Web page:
After 4,000 miles, they do
not turn as well on pavement as they did with only 500
miles, but they did still steer.
On both tests, the limiter
straps were loose.
When I brought these Triple Point Carbides back to my shop,
after shooting this pavement demo, I set them on my counter carbide down. I
noticed that they rocked sideways. This indicated that the
handlebars were probably in a half turn before the outside carbides
made contact. When I saw these rods at 3,100 miles all three
carbides were the same height. The outside carbides were so sharp I
would not even touch them. I did not look at the carbides before
this demo because the results would be the results. Over the
previous 1,000 miles the thinner outside carbides wore in turns so
they did not touch when going straight, making the dull center
In order to get some more bite back on ice and
pavement I ground the center carbide level with the outside points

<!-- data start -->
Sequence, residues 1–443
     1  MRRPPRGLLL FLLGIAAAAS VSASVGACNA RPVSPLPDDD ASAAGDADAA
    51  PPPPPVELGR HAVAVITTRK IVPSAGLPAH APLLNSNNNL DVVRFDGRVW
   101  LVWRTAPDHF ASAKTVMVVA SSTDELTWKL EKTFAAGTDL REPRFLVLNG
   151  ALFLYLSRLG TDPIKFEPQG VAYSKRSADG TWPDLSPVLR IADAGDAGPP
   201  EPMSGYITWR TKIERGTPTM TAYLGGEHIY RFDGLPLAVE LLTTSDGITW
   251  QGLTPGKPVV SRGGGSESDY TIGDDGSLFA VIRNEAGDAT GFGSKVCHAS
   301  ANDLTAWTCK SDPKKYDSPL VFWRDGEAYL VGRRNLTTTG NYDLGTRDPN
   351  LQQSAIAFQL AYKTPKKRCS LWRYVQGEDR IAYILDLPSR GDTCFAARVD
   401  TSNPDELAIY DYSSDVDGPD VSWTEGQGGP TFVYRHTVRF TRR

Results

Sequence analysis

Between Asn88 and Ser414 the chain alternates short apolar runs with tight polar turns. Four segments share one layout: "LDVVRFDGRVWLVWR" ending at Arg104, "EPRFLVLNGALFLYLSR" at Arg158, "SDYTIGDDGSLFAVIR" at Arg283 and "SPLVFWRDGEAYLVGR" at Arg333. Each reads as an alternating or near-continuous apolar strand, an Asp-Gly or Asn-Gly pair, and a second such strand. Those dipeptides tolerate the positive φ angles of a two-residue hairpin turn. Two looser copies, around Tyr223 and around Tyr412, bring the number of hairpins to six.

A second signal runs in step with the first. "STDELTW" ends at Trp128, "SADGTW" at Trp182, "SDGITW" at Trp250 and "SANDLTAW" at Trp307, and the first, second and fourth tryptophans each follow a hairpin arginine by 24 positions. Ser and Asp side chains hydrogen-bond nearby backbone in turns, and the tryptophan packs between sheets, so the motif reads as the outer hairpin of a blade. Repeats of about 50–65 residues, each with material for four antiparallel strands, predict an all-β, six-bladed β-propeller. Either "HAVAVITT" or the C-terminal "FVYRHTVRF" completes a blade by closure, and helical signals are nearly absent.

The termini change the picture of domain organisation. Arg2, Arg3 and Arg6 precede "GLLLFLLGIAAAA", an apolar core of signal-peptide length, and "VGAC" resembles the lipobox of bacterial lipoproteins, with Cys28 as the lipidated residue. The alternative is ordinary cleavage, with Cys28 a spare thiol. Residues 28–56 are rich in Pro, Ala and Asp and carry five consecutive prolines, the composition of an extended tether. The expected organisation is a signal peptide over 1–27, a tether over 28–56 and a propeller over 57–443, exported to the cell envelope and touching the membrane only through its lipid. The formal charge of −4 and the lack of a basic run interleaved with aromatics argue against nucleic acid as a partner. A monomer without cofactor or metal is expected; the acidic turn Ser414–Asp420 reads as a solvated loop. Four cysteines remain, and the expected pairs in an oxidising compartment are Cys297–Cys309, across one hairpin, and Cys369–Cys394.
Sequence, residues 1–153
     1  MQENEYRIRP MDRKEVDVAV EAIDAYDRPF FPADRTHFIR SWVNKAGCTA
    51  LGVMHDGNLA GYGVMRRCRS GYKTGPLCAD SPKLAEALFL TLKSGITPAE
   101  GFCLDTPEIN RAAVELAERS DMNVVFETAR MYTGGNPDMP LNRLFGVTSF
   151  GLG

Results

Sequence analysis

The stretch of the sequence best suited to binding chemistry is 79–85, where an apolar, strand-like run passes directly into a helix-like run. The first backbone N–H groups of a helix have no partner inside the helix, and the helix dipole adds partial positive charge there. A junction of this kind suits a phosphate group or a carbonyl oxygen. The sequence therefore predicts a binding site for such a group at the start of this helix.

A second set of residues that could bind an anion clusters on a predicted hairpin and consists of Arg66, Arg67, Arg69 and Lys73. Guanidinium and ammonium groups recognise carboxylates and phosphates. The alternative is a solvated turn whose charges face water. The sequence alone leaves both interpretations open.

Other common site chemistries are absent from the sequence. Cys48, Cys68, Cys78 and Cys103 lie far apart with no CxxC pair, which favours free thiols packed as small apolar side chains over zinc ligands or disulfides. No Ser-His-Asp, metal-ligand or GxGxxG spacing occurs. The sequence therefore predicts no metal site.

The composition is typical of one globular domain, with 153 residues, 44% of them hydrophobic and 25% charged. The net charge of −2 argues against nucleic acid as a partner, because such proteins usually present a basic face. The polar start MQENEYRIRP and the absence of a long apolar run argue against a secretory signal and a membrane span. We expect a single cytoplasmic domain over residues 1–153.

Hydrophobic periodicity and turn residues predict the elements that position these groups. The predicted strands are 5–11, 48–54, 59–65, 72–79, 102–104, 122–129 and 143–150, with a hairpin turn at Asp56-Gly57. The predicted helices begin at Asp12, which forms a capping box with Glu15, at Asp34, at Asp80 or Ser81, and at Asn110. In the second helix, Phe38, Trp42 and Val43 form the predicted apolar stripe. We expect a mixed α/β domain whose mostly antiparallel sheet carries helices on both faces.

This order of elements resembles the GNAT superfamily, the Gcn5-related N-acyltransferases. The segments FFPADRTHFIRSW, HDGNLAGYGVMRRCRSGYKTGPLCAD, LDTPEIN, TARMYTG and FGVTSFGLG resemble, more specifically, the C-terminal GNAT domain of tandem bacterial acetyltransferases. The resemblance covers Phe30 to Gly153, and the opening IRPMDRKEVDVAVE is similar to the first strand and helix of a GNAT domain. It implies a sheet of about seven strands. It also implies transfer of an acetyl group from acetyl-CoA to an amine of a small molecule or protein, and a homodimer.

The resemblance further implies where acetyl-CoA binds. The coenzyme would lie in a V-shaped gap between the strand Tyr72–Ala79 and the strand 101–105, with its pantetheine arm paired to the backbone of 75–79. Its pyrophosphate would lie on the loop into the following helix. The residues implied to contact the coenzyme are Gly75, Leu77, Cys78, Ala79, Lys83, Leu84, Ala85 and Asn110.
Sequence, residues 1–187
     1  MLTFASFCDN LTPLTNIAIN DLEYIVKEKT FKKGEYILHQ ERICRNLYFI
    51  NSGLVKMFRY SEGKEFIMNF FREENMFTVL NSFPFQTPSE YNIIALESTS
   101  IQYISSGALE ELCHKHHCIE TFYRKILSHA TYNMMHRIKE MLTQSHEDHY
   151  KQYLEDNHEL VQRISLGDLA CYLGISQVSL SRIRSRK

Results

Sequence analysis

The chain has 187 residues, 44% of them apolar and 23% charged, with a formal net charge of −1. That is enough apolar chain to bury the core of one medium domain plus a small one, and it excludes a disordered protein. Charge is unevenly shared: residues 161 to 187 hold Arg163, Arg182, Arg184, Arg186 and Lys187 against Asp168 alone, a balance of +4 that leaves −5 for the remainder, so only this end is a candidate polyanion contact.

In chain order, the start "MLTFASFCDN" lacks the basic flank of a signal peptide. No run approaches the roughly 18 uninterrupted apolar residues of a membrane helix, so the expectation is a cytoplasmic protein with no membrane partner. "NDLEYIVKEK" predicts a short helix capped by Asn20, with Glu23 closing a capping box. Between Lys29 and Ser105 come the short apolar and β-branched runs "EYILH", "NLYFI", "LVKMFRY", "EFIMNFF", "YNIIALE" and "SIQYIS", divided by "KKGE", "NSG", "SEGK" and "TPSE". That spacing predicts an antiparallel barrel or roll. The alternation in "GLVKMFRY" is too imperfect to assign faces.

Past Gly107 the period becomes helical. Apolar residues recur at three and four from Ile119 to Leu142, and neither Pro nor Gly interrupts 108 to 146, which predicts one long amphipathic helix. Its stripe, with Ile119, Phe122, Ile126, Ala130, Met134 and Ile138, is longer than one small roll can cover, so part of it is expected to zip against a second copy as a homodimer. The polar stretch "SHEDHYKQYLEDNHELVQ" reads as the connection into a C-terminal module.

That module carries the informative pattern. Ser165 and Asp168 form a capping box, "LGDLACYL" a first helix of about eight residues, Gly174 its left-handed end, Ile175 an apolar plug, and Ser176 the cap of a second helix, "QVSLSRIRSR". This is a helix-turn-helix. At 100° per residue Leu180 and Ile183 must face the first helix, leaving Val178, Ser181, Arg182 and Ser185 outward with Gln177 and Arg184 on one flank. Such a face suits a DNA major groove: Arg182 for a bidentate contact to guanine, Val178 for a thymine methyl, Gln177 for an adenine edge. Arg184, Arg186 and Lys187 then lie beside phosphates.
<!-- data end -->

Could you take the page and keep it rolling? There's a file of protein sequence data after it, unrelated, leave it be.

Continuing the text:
with a standard 1”wide Green wheel. Then I bought a ¼” wide Green
wheel (Radiac PN-A016721, 7 x 1/4 x 1-1/4. Price $30.50 at my local industrial supply co.). This let me grind lengthwise the center carbide without
hitting the outside carbides. Because the outside faces of the
outside carbides are approximately perpendicular to the ground they
maintain an edge as they wear. Of course, the bite won’t be as good
as when new but more like a newer 90 degree carbide. As soon as
the handlebars are turned the edges will bite. Because we have as
much carbide below the surface as above you should be able to
maintain the outside edges until the faces wear down to the host
If these rods had been ground
like this, before shooting the video, the sled would have turned
even better than they did!
You can create the best replacement
cycle to fit your riding style and still have some resale value
left on the TP rods for less aggressive riders.